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Looking Back: Meditation

From January 1943

One of the best known of the Old Masters is a painting by Durer, entitled “Praying Hands.” The picture shows a mans hands pressed together in prayer. It is generally agreed that they are the sinewy hands of the toiler; and imagination busies itself suggesting the owner. Might they not be the hands of David, the shepherd king, or of Paul, the tent maker, or even the Carpenter of Nazareth? It is better, perhaps, to regard them as the hands of Everyman: an impressive symbol of the priesthood of all believers.

Certainly there is no gainsaying either the wide appeal of Durer’s picture, or the universal application of its noble subject – prayer.

Let life be what it may; calm or storm-tossed. Let joyful surprises throw sunshine in our path, or floods of sorrow overwhelm the soul; praying hands, with the inward entreaty they signify, will be our strength.

Does a backward glance over the past year bring regret; or a forward look into the year to come make you “guess and fear” ? Then, let prayer be both guide and solace.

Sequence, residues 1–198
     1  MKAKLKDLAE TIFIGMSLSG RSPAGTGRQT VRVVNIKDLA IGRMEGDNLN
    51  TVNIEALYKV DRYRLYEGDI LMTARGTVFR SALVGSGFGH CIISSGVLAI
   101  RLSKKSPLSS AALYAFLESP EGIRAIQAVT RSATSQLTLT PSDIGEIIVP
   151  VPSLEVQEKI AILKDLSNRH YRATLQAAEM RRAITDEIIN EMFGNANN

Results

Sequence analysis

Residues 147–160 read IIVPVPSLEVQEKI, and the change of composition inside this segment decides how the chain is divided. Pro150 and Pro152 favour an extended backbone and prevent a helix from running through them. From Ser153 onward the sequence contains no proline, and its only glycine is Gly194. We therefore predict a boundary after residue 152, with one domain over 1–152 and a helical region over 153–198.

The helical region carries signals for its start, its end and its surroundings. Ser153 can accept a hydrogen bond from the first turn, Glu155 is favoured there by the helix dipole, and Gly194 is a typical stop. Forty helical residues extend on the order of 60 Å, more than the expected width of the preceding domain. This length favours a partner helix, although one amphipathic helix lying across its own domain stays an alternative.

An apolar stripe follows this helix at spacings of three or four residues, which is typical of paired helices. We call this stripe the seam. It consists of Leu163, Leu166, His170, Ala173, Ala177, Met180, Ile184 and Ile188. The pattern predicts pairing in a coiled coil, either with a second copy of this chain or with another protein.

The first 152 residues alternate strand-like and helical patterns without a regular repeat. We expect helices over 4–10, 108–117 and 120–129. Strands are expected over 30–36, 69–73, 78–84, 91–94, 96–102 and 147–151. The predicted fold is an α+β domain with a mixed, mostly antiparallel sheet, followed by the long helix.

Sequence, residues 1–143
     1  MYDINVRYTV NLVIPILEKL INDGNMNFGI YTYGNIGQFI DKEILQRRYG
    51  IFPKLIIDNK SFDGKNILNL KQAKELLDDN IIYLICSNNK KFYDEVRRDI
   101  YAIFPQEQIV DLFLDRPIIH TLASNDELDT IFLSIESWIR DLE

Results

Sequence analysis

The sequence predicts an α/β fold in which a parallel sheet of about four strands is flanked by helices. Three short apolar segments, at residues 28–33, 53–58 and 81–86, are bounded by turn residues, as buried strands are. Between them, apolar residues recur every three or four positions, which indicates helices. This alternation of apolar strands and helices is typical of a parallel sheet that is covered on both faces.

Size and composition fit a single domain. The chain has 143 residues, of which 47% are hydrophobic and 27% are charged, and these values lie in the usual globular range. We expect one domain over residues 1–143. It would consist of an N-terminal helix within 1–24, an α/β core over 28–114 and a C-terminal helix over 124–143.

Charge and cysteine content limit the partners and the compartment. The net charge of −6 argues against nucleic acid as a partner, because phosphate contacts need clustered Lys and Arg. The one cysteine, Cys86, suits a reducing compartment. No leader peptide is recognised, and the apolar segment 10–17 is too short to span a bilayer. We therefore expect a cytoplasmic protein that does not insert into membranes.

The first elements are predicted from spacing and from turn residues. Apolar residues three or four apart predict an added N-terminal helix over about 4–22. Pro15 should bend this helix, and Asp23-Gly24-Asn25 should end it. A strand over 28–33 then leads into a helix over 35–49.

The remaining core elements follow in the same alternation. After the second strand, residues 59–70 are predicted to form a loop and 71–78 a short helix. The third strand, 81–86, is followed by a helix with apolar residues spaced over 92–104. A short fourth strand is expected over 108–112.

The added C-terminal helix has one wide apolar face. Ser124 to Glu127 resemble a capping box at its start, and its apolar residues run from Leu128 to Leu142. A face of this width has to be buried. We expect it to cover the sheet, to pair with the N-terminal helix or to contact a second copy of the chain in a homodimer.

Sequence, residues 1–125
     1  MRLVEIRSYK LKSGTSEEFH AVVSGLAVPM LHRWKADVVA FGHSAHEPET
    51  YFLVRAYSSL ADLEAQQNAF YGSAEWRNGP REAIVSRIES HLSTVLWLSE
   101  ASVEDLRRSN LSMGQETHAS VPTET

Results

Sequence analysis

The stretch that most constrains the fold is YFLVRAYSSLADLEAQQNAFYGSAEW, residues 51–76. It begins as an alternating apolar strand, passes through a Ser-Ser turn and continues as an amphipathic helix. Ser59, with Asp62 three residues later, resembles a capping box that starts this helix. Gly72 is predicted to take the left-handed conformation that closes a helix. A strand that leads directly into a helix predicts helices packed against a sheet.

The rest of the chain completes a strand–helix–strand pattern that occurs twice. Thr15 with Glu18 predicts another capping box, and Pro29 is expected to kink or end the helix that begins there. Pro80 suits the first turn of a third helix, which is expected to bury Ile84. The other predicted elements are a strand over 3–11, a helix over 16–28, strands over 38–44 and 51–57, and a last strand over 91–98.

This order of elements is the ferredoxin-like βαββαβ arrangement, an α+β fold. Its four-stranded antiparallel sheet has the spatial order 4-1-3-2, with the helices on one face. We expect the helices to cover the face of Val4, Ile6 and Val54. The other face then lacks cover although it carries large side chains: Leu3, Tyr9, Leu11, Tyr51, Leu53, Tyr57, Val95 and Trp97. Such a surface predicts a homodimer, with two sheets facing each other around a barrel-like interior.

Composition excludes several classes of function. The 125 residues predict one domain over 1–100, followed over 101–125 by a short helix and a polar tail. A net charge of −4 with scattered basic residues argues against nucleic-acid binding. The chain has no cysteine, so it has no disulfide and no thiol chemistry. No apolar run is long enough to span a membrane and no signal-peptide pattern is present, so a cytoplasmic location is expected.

Here, on earth, we know our deep need; there, in heaven, are treasures of divine grace; and the point of contact is the earnest soul of the supplicant.

How St Paul impressed the value of prayer upon his friends. “Brethren, pray for us,” he writes. And again, “I will that men pray everywhere, lifting up holy hands.” For prayer to the apostle was the source of illimitable power.

As for our Lord Himself, we may consider His earthly life as one prolonged supplication. “Ask, seek, knock,” is His counsel. And what better can the sorely tried human spirit do?

“Lo, I do stretch my hands
To thee, my help alone:
For thou well understands
All my complaint and moan.”

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